“How do you want this next phase of the pandemic to feel?” That’s what my therapist asked me last week after I spent the first half of our session cataloguing the fears and anxieties that are currently dragging me down and eclipsing any hope that things will ever get better. People have been giving lip service to the importance of mental health since the early days of the pandemic, but I saw the writing on the wall the day the first stay at home order went into place. At the time, I was newly in therapy, working my way through a mental health crisis that had started the previous fall, but really that I had been living through, in a cyclical fashion, since I was 18 years old. In winter, the world goes dark and I can’t see my way out. It’s not just about the sun and the seasons. The first time it happened, I tried to end it all in Tucson, and I’ve been suicidal in June, too. It’s never been quite that bad again, but last winter it got close enough that I scared myself back into therapy after four years of trying to twelve step my way through all my problems. By March, I was working my way up and out of the latest deep hole. I felt more optimistic about my marriage, my parenting, my work–my life. I wasn’t thinking about dying.
Then the pandemic hit, and death was imminent and everywhere. Even if COVID wasn’t coming for me, it was gunning for my grandma, and my parents, and my in-laws, and even if they survived, somebody else’s grandparents, somebody else’s parents, somebody else’s children would not. I read those early projections in horror: 200,000 to 2 million Americans could die before this thing was over. Faced with the threat of disease, something inside me shifted, and I started actively trying not to die, and to not kill anybody around me, either. I stayed home.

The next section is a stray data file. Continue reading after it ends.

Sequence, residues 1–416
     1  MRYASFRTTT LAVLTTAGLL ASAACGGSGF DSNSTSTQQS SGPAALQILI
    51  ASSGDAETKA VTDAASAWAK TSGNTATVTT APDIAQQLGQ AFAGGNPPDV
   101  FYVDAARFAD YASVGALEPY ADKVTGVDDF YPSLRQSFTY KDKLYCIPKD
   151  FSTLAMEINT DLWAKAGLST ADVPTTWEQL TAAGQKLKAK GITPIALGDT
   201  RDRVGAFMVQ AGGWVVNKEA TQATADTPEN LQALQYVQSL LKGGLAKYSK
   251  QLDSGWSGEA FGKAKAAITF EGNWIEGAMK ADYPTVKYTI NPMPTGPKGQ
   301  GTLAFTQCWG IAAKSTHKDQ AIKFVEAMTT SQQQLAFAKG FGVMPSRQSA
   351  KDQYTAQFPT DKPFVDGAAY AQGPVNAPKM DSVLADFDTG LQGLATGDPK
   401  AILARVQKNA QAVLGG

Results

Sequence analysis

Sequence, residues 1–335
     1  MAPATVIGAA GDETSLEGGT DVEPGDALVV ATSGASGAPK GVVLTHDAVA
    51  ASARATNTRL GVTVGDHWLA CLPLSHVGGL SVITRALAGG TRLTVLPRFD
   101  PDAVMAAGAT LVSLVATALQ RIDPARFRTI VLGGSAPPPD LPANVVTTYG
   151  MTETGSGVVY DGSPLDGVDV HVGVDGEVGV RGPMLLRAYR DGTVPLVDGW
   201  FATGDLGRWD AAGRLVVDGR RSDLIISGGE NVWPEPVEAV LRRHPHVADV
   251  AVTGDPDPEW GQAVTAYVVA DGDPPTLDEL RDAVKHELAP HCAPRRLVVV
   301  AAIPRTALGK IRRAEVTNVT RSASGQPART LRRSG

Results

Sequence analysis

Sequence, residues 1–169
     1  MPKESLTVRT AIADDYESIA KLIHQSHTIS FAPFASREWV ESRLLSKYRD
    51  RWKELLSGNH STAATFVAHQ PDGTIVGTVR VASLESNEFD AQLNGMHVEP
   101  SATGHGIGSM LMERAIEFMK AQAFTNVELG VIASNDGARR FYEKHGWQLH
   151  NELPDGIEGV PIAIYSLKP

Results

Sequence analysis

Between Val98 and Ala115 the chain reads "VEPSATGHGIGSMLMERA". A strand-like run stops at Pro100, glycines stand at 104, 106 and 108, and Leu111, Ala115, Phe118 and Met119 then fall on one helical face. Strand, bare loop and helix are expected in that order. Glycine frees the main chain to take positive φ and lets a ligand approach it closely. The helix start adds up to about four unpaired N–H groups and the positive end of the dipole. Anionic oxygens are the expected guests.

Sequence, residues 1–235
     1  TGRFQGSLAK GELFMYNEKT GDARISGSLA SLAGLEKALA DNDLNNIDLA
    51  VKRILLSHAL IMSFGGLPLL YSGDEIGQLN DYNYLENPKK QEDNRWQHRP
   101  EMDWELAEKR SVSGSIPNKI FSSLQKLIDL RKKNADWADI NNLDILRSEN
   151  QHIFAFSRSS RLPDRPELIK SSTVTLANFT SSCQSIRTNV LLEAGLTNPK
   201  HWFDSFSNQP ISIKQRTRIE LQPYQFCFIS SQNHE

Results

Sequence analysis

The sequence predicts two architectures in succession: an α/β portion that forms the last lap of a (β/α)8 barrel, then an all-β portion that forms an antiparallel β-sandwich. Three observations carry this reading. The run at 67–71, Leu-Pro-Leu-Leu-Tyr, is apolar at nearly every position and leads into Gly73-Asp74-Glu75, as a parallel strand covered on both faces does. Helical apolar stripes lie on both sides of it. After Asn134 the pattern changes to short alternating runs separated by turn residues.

That’s not to say my mental health during the first part of the pandemic was great. It was absolutely not! Luckily, my weekly counseling sessions transitioned relatively seamlessly to phone and then video, and I was able to keep doing the hard work of carrying on in these difficult times. Therapy was a lifeline. Knowing I had space to talk about intense feelings enabled me to set them aside and live my life in the meantime. Therapy helped me respond to ordinary stressful situations, cope with the additional challenges of the pandemic, and even address issues that I didn’t even realize were still lurking in the background (read: leaving Mormonism). Therapy helped me hold it together.